Having twice stayed in five-star hotels this year, the experience is rather agreeable I have to say and checking online the expense for these hotels in Asia isn’t as extravagant as you may think so it’s worth spoiling yourself sometimes. The experience really does linger long in the memory.

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A week in Hong Kong

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We met in Thailand when I asked you “where are you from?” and you replied “I’m from Thailand”. We agreed to meet again in Hong Kong, an island in-between us. You work in Bangkok and I work in Beijing.

We walked along the promenade of Kowloon harbour, looking at the lights that light up the sky. It’s a sight I’ve seen many times but it was the first time for you. You took photos and I was glad that you were there. That first night in Hong Kong was slow and easy, the next day we’d ride the ferry and watch the clouds reflect in the water.

The escalator is the longest outside escalator in the world. It transports you up the hill while either side are cafes and shops, bars and restaurants. Buildings are called needle buildings, tall and slender, reaching up. I look at them and marvel at their vertical structure, holding occupants whose lives I don’t know, each window a room.

We took a taxi to The Peak, which offers wide angle views of the city stretched out before us. I laugh when I hear an English friend refer to it as “the bay area” when I return to Beijing.

We stay up there, on The Peak, until the evening. The night is beautiful. We take a bus back down. Trying to remember chronologically now is not easy. Events in the memory just pop into my head. There was a cafe we stumbled into just before it started to rain. I ordered a latte. Outside the water drummed onto the streets and the cars. Inside the air conditioning made it a little too cold. It was an afternoon, just a week ago, and it’s already receding. The coffee was damn good though.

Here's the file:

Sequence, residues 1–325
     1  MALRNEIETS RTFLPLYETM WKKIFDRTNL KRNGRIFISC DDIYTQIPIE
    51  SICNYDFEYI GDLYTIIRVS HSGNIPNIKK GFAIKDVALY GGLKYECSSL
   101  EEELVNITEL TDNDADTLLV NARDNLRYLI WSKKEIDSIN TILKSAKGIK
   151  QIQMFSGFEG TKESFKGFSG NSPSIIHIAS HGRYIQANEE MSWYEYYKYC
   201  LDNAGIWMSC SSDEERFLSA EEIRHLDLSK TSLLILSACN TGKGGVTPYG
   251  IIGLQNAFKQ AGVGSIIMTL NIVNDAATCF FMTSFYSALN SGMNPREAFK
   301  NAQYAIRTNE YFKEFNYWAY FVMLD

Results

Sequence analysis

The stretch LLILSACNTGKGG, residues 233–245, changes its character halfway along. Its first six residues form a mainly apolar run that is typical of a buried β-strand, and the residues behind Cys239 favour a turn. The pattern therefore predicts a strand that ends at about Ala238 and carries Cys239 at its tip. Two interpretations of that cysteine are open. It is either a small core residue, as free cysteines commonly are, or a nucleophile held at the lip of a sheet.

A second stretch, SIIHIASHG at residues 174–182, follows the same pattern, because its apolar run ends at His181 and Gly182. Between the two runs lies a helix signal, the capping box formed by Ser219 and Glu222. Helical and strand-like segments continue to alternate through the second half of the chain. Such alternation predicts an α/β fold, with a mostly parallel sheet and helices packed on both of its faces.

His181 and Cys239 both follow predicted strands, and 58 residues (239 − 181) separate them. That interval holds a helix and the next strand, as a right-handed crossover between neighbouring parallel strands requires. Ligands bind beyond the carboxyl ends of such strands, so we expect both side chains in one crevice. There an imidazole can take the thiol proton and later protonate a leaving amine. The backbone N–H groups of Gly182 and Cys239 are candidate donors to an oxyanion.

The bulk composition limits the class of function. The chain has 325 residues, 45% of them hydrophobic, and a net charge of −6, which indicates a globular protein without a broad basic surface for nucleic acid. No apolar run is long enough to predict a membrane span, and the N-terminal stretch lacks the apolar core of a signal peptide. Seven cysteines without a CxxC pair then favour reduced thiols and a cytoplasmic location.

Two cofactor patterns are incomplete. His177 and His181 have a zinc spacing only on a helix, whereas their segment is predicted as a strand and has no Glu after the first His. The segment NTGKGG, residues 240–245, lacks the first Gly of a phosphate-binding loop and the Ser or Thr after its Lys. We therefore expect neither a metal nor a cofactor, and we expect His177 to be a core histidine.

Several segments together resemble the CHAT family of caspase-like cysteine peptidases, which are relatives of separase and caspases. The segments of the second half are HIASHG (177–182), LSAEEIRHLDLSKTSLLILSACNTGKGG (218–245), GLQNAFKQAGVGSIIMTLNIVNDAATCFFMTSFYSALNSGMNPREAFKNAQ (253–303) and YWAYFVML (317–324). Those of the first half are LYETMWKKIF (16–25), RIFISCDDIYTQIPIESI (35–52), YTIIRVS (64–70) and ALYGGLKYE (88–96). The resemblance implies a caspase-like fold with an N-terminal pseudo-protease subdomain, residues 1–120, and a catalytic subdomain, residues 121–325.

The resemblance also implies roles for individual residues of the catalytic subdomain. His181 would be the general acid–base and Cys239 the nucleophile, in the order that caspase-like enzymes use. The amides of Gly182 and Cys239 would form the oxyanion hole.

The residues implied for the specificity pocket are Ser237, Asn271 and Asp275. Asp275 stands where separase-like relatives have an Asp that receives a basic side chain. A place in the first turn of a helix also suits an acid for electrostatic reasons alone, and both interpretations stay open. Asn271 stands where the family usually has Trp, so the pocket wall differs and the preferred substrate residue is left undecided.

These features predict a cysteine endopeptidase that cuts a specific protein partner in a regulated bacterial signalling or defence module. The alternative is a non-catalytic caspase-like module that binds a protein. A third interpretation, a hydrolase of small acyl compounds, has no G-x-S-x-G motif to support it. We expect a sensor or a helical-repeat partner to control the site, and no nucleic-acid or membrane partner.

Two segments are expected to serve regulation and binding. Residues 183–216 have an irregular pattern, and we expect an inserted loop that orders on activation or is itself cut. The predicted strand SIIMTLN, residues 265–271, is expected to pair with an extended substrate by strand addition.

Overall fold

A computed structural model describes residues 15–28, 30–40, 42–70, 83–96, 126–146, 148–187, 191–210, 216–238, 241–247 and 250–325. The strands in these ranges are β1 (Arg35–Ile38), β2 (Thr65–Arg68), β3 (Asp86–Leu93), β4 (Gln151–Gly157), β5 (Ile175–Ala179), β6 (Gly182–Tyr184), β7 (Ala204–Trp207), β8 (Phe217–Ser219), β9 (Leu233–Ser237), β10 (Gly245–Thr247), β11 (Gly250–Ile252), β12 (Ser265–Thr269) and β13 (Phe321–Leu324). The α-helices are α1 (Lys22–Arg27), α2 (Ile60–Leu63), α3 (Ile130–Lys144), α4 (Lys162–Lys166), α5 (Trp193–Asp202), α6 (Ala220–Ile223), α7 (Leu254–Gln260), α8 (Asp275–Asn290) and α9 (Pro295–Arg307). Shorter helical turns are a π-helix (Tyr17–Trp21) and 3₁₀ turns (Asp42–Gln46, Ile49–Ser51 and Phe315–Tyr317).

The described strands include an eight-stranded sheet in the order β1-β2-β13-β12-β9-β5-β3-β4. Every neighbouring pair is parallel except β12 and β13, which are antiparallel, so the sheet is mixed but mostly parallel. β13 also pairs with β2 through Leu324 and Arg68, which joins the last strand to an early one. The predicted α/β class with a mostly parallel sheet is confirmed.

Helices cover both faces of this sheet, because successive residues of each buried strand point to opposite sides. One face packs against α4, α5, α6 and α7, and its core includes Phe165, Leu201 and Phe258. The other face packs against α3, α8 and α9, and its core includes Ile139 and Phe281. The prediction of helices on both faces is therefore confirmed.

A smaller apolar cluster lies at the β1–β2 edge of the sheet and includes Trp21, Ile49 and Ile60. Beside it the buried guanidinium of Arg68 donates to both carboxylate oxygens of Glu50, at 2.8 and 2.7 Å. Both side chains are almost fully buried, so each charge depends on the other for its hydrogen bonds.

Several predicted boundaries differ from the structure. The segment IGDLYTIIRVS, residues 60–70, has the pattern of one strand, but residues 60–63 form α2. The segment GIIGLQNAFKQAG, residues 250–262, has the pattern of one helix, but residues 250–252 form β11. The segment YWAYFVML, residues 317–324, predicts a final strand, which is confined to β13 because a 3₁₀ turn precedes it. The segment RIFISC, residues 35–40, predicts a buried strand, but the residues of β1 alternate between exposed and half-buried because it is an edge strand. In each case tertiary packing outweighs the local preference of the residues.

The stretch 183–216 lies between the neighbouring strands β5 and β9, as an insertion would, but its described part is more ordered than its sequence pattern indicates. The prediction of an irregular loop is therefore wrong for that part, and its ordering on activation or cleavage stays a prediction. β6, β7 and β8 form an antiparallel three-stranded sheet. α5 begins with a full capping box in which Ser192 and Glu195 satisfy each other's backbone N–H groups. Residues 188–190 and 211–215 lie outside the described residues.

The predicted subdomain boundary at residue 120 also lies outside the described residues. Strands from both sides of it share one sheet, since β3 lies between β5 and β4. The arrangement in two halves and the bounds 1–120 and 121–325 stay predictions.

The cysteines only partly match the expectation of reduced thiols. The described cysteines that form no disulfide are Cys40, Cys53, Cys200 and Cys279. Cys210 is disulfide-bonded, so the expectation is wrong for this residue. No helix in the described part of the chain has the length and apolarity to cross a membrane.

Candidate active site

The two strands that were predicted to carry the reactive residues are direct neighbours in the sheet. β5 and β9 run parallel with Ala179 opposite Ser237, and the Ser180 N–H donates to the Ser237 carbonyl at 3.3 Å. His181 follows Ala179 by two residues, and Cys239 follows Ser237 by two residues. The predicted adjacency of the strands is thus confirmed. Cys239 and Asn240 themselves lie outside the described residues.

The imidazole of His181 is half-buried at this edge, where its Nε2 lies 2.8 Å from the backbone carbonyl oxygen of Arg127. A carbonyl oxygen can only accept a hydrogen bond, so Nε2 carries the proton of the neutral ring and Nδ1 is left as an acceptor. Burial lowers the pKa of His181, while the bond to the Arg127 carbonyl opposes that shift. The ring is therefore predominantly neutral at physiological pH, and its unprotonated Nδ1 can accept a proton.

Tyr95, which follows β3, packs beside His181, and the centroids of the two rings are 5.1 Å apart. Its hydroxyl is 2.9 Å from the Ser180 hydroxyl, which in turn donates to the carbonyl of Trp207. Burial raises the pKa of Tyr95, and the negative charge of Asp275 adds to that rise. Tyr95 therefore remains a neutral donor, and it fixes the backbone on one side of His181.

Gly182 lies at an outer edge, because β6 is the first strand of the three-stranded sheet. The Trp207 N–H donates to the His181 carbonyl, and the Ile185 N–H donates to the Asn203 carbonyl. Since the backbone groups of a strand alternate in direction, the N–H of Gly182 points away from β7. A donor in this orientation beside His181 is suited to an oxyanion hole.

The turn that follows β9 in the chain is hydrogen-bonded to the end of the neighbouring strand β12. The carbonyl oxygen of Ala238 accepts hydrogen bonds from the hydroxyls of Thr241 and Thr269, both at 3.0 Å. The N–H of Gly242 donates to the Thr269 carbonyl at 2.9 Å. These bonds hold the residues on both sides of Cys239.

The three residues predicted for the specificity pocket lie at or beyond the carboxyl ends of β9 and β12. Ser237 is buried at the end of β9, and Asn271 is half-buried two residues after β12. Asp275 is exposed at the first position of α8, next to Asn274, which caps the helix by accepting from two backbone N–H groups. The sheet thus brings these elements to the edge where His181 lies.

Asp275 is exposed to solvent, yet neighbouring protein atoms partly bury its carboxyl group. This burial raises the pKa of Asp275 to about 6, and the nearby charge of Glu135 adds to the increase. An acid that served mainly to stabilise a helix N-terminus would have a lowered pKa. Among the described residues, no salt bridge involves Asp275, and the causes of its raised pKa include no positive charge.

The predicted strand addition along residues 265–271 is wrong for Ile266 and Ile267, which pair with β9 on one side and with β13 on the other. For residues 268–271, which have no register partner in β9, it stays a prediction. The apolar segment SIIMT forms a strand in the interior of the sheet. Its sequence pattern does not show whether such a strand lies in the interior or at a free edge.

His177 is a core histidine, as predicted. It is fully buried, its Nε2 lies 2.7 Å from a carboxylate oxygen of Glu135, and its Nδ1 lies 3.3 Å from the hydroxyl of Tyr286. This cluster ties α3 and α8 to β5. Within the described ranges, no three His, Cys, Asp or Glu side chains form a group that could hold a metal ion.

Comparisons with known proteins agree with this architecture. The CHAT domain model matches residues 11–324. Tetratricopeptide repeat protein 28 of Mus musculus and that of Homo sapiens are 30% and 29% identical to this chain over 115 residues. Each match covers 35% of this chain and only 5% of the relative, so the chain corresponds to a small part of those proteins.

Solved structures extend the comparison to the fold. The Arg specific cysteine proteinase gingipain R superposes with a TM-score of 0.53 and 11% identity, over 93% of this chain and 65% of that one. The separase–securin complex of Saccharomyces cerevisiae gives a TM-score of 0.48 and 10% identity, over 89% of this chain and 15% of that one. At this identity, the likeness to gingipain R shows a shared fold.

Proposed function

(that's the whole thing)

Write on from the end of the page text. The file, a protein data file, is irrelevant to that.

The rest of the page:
I ate a lot and felt hungrier than usual. You noticed. You were also sad sometimes and I couldn’t figure out why exactly.

On one of the days we took the metro to the island where the big Buddha sits. He was wreathed in fog looking majestic. I also took you to the Wisdom Path. I first went there nine years ago as a youth embarking on my first year abroad. I was eighteen and carried with me a copy of On the Road.

We sat and chatted one evening at the hotel. You were lying against the headboard of the bed while I sat at the desk. The TV was on. I said I liked Thailand because everything is so cheap. And you ranted (in your soft, gentle way) about how you didn’t like how foreigners said that, and you really didn’t like how your Korean boss would go to an expensive restaurant and order a lot and you had to join in and pay. “She don’t care about me, about us”, you said. I listened and smiled. I really appreciated that conversation. It pays to just listen sometimes.